So what’s your thing – a great story or compelling characters? Well, The Dead School has both. The Dead School is a titanic clash between the forces of modernism and tradition in 1970s Ireland. Two men, a generation or so apart, begin to plummet in Dublin. Their descents are oddly parallel, notwithstanding their age difference; and yet they intersect, once, twice. One is a headmaster; the other a teacher. Events from their childhoods gestate, percolate and perhaps ultimately destroy. Their histories make them both time bombs.
To avoid disappointment book your tickets now at the Watergate Theatre's Box Office on 056-7761674. Showing Friday the 18th and Saturday the 19th of March at 8pm. Tickets €18/€15.
The cast will feature Jarlath Tivnan (Vernon God Little, The Pillowman, A Skull in Connemara) and Gerard Howard (Juno and the Paycock, The Dead School) playing Malachy Dudgeon and Raphael Bell respectively. The acting ensemble is built around Decadent’s touring programme in the last two years and includes Peter Shine (Vernon God Little, The Pillowman), Eilish McCarthy (Vernon God Little), Kate Murray (Vernon God Little, The Pillowman), Eanna Mc Dowd (Vernon God Little), Tara Finn (The Pillowman, Vernon God Little), Kate McCarthy, Gerry Ferguson and Oisin Robbins.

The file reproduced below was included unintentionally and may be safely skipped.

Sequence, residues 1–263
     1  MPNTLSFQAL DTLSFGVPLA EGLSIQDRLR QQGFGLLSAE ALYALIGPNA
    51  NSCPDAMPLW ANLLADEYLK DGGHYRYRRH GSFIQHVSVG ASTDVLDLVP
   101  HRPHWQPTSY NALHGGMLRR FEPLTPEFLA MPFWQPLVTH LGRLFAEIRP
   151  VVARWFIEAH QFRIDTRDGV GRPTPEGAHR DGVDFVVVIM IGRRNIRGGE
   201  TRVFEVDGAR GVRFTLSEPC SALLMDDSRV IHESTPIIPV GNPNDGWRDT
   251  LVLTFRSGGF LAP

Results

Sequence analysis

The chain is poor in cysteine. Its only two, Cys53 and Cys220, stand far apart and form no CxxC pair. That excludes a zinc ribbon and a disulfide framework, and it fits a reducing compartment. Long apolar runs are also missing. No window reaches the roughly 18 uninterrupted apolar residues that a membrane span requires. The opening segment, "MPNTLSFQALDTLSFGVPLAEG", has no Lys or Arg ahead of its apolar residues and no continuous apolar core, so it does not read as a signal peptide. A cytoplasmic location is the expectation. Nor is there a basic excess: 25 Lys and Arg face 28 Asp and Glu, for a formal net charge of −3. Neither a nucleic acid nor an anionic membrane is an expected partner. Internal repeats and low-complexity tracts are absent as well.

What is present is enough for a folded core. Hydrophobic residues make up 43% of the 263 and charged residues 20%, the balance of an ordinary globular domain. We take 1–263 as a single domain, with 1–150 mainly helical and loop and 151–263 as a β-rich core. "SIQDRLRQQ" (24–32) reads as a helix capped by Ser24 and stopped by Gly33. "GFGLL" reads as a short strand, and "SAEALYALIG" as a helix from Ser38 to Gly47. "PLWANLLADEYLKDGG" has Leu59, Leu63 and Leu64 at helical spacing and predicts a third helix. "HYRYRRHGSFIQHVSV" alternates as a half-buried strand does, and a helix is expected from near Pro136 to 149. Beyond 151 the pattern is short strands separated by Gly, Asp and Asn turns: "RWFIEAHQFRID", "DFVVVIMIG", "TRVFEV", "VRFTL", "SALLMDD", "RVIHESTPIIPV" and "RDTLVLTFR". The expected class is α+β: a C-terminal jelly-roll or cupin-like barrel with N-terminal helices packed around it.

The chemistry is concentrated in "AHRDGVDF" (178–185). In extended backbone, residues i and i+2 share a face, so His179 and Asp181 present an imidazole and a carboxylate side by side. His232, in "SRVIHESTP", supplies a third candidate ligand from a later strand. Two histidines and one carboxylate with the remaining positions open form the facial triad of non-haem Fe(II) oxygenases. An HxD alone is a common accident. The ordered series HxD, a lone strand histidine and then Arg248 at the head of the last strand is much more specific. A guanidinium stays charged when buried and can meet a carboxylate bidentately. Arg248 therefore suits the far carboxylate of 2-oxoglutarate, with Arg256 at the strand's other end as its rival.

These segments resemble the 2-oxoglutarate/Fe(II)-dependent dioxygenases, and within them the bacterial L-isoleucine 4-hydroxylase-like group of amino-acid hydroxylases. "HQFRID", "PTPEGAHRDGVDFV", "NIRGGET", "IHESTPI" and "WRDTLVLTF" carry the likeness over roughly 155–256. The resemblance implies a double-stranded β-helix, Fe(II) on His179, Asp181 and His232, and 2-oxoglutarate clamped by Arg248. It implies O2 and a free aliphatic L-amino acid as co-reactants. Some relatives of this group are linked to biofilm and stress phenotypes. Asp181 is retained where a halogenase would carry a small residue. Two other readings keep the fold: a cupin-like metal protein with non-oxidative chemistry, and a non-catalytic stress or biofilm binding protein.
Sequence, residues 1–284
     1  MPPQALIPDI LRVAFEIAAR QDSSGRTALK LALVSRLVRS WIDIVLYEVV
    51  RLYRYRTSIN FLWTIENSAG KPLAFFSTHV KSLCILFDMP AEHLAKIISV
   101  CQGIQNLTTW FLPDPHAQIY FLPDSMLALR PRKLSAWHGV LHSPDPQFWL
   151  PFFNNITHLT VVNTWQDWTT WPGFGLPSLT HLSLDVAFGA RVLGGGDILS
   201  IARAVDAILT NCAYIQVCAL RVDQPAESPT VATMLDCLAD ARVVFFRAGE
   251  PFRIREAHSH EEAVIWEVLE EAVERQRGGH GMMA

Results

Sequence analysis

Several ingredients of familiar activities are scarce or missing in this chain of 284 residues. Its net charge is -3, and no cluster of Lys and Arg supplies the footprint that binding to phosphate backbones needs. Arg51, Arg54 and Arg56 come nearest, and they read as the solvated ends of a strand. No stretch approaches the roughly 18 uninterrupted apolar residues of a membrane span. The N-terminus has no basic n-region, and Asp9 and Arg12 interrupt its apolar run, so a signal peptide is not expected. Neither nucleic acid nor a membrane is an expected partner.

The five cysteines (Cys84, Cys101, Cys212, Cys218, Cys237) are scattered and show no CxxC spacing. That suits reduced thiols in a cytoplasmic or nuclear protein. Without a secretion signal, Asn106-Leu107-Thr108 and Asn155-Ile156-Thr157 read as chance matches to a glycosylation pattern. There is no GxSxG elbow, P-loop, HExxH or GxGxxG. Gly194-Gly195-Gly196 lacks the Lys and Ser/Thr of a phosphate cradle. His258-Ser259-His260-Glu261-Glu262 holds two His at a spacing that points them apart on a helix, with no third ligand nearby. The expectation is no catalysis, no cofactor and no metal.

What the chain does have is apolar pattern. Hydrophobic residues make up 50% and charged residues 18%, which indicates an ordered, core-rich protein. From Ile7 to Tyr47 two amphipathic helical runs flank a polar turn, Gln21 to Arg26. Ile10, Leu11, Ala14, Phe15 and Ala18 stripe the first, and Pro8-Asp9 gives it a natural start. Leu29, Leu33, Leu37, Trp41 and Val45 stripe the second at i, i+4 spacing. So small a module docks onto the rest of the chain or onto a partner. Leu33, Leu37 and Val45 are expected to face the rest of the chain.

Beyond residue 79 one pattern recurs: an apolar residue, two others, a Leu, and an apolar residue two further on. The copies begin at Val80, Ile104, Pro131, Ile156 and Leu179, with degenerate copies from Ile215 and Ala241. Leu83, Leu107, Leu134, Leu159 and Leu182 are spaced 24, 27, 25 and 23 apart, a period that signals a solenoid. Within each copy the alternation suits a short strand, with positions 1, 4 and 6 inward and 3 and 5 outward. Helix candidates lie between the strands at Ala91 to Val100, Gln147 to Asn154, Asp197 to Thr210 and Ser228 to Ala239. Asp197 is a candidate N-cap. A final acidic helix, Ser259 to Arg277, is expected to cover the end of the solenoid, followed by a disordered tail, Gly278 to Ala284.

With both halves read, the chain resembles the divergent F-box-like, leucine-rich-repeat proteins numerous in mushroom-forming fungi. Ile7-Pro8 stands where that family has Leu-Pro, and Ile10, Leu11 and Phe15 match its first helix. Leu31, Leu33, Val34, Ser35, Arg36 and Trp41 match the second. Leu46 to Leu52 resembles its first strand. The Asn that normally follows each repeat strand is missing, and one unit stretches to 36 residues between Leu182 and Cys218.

The play is directed by Andrew Flynn, founder and Artistic Director of Decadent Theatre Company. The costume designer is Jennifer Twomey, lighting design Mike O’ Halloran, and sound by Carl Kennedy.
Decadent has toured 14 plays for 587 performances to more than 30 venues since 2008. From January 2014 to November 2015 Decadent played to 46,000 patrons with Vernon God Little, The Pillowman, Defender of the Faith, and A Skull in Connemara.
“Top of the class… Andrew Flynn pulls out all the stops.” ★★★★ The Sunday Times
“Bursting with energy and teeming with ideas… Bold and bracing theatre.” Irish Examiner
“Terrific brio and inventiveness.” Galway Advertiser
“Decadent is one of the most indispensable companies in Ireland.” The Irish Times
“Decadent is the saviour of a nation worryingly oversupplied with performance venues and arts centres starved of content.” The Irish Times